There were three factors in me having a gentle pregnancy and birth: a supportive partner, my “doula” friend, and hypnobirthing! When I first heard about Hypnobirthing I summoned images of a stage performer hypnotizing audience members into clucking like chickens and embarrassing themselves. Then as I started learning more about it I summoned images of crunchy hippies lighting serenity candles, and braiding their armpit hair. I remained a skeptic for a long time, even when seeing it’s benefits during pregnancy, but after coming out on the other side of childbirth, I’m happy to report there was nothing crunchy, hippy, or stage performer about it. I could go on and on about what hypnobirthing is, but that would be a different (really long) blog post. If you want more info go to the experts here.
Upon the discovery of hypnobirthing I immediately changed my approach to birth. Instead of being an experience I had to “endure,” I started looking at it as the amazing life-changing, life-starting experience it is. I started shutting people down when they’d see my swollen belly and feel inclined to tell me about their traumatic labour experience (everyone from the well meaning ladies at work, to random strangers in the grocery store. I also grabbed a stranger-woman’s boob in the grocery store when she grabbed my pregnant belly… but that’s a story for another time. Well, actually, that’s pretty much the whole story. I’m not into unsolicited touch. The end.) I stopped watching TV shows when birth was being depicted as a screaming, bloody, horror show, and I was also careful with how I spoke about pregnancy and birth.
Funny enough, I found a lot of people struggled with me speaking positively about birth. Many felt inclined to “take me down a peg” when I spoke about what I enjoyed about pregnancy or what I looked forward to in birth. I quickly learned that complaining was far more socially acceptable than being positive.
Suubi’s birth was an amazing experience. It did not go as I planned, but I was prepared for my plans to change and to go with the flow… so in that way, it went according to plan.
I planned and hoped for a short labour, no drugs, and natural delivery. That was the dream. I was hoping to be like those women who feel a sneeze coming on and then whoop, a baby.
I laboured for a few more hours than expected (48 more hours actually), and after successfully dilating to seven centimetres, ended up having an “emergency” cesarian section (“emergency” is in quotes because it did not feel like an emergency; we calmly came to the conclusion that c-section was the best route, and 8 hours later, there we were).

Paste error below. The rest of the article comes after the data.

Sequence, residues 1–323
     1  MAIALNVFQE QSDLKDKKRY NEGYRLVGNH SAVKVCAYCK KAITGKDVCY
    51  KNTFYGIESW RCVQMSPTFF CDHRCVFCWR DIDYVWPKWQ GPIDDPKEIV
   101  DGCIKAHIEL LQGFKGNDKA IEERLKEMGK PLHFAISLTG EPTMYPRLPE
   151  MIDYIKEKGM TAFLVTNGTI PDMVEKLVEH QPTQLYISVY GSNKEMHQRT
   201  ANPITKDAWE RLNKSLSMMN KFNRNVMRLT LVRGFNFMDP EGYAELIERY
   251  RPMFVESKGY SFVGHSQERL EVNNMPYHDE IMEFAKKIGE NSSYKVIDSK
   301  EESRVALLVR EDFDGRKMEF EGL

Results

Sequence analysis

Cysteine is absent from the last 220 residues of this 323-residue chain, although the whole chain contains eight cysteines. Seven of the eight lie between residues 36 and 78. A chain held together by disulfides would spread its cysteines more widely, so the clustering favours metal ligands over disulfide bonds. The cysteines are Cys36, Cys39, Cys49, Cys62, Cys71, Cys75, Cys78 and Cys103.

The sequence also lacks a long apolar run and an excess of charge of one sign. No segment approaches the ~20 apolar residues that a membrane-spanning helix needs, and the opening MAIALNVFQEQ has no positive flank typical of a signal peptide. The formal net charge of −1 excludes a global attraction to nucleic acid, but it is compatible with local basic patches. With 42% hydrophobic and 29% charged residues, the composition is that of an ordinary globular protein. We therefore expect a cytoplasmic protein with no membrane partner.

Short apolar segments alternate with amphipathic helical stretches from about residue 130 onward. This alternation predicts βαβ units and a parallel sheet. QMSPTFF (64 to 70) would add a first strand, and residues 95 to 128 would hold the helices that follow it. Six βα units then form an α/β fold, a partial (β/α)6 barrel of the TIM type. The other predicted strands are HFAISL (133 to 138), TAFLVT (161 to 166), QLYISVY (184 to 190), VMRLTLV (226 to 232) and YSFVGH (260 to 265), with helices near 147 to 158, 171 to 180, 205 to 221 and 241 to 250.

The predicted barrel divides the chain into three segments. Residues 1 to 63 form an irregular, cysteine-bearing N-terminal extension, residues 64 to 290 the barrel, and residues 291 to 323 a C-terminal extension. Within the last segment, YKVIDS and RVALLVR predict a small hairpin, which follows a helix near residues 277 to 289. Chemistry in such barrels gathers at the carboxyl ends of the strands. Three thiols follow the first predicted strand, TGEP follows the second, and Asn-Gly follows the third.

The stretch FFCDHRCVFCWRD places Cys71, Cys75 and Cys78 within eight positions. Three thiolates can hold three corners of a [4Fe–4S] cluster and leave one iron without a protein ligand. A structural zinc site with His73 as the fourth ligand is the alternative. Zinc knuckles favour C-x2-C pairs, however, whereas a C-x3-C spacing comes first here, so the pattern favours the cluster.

Though Suubi’s birth turned out a lot different than I planned, anything I was able to have some control over went beautifully. My time labouring at home was peaceful and quiet. The people who surrounded me were positive, encouraging, and empowering. I listened to music, cracked jokes, and felt an absolute gentleness around the whole experience.
Hypnobirthing helped me not only in pregnancy, and labour, it also helped me during postpartum. It taught me how to speak and think kindly about my body, my feelings, and my baby. It taught me to be prepared with close friends to support me and check in on me. Most importantly, it assured me that I know what’s best for myself and my child, and that I am allowed to advocate for my own care.
I recognize, statistically, that the experience of birth for many women can be quite scary and dangerous. I recognize the privilege I have to live where I do, with the medical care I have, in the skin I have. It is not lost on me the absolute blessing [miracle] it is to have a healthy baby and an incredibly supportive husband.
I wrote this post out probably about 14 times. I was meant to post this in December but kept second guessing myself. I didn’t want to feel like I was rubbing salt in the wound for anyone. I didn’t want to trigger those who have struggled.
But I also think about pre-pregnancy me. I think about the YEARS I spent fearing something that turned out to be one of the best experiences I have ever had. I know how much I needed to hear from somebody that birth could be gentle and not terrifying. I know that not everyone’s experience can be guaranteed, but if I have learned anything from this year of The Gentle Project it’s that there is no harm in attempting to live more kindly, and more gently, no matter how imperfectly.